November 3, 2006

Chronic illness care at heart of VUSM initiative

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Steven Gabbe, M.D., and Bonnie Miller, M.D., are involved in a new program to help students learn to care for patients with chronic illnesses.
Photo by Neil Brake

Chronic illness care at heart of VUSM initiative

Vanderbilt University School of Medicine students and residents are learning a new approach to care for patients with chronic illnesses as part of a grant initiative from the Association of American Medical Colleges' (AAMC) Institute for Improving Medical Education.

Ten U.S. medical schools are each receiving a $100,000 grant, which includes funding from the Josiah Macy Jr. Foundation, to revamp undergraduate curricula over the next two years with a contemporary approach to understanding and treating chronic diseases.

Nine of those schools also received a one-year, $75,000 planning grant for residency program reforms.

Chronic illness care education has traditionally been limited to treatment of hospital inpatients for acute disease episodes, but the AAMC's "Enhancing Education for Chronic Illness Care" initiative will shift that focus to long-term disease management of patients in ambulatory settings.

"More than 100 million Americans are affected by chronic illness, and that number is likely to increase as our population ages," said AAMC President Darrell Kirch, M.D.

"As medical educators, we need to re-think how we teach tomorrow's doctors about chronic illness so they can provide the best care for their future patients. This initiative moves us closer to that goal."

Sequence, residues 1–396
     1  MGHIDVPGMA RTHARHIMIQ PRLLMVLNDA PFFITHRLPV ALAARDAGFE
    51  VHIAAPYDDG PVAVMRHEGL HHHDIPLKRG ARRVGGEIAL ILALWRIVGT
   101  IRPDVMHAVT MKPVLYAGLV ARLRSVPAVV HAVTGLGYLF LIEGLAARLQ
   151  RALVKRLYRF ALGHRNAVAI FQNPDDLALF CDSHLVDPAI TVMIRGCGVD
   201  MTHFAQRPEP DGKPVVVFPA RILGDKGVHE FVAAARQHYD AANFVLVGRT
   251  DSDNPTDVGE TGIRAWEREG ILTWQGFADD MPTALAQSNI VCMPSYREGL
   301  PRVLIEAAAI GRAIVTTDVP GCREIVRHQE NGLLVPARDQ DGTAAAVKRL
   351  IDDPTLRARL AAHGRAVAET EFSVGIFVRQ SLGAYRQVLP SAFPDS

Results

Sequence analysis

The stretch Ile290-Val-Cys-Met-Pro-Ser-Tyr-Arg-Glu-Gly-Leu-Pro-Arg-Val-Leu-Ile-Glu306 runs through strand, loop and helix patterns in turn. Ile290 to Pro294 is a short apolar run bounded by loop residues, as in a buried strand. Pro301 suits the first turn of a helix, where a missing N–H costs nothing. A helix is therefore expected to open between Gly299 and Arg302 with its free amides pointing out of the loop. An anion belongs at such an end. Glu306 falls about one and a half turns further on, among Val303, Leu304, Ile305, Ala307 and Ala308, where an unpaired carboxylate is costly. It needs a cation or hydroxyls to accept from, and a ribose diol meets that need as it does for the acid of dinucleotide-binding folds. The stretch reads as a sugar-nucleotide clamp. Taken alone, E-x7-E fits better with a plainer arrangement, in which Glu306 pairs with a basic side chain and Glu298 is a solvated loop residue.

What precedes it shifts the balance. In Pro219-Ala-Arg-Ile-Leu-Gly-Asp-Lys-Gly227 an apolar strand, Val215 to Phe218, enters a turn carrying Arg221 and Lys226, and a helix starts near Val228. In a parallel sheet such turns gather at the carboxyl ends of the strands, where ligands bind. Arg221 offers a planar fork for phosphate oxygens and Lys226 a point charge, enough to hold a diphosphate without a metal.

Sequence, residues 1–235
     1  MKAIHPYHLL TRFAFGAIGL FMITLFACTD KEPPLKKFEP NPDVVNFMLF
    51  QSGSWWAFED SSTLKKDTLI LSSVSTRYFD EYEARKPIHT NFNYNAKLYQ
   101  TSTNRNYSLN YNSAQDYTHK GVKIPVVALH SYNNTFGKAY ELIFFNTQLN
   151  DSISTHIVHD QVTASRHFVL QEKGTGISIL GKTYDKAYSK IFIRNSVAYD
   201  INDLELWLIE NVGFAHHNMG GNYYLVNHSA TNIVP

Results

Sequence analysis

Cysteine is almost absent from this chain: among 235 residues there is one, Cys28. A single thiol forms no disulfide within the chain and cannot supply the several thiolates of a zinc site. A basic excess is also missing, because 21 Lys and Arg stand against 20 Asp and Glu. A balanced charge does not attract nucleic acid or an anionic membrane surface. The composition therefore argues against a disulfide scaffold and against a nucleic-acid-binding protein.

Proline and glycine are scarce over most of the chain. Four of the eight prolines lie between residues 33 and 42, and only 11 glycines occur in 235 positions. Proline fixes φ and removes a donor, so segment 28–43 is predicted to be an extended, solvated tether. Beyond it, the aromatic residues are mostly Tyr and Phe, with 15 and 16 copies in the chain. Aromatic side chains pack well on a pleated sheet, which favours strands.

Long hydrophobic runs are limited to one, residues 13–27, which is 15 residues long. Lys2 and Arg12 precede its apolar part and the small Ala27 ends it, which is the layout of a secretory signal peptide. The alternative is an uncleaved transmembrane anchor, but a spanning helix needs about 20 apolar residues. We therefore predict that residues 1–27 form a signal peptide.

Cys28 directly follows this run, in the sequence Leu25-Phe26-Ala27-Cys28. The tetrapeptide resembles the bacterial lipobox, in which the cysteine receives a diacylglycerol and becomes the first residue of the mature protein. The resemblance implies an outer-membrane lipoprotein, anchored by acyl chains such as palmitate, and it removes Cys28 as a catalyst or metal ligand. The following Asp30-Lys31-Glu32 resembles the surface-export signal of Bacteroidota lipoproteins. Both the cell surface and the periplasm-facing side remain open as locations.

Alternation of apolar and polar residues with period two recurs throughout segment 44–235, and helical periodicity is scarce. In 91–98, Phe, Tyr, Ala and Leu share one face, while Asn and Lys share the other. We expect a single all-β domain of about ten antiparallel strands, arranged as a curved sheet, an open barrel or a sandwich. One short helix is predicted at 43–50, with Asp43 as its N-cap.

VUSM students will observe team approaches to chronic illness care, establish long-term relationships with patients throughout their medical school experience, and understand the day-to-day challenges that chronically ill patients face as they navigate through the health care system.

Dean Steven Gabbe, M.D., who has lived with diabetes for many years, said caring for these patients requires a different approach that can be very rewarding.

“You become familiar with the challenges patients are facing every day at home and at work. That is very different from treating patients in the hospital,” Gabbe said.

“You understand that a patient with a chronic illness needs to be supported by a team including their family, their social workers, nutritionists and teaching nurses, as well as physicians.”

Each student will be assigned a patient to follow throughout the four years of medical school. Students will accompany patients on visits to providers and throughout any hospitalizations, and document their findings in an electronic learning portfolio.

Bonnie Miller, M.D., associate dean for Undergraduate Medical Education, said Vanderbilt is looking at the broadest possible definition of chronic illness in selecting patients for students to follow.

“We are looking at chronic illness across the spectrum — children with cystic fibrosis, asthma and diabetes, and adults with chronic obstructive pulmonary disease, cancer, coronary artery disease or congestive heart failure,” Miller said.

“If possible, we'd like to include patients with chronic mental illnesses, including depression.”

The first-year experience will be aimed at establishing a social and cultural profile of the patient and family. As students move into the second year, it's expected that they will understand more about their patients' disease processes and treatments,” Miller said.

In the third and fourth years, students will learn about a chronic illness care model that emphasizes a multi-disciplinary approach to care, and the use of evidence-based protocols and patient registries that document important quality of care indicators.

“This approach to chronic illness care is greatly facilitated by sophisticated information technology systems, and thus Vanderbilt is a great place for students to learn and practice it," Miller said.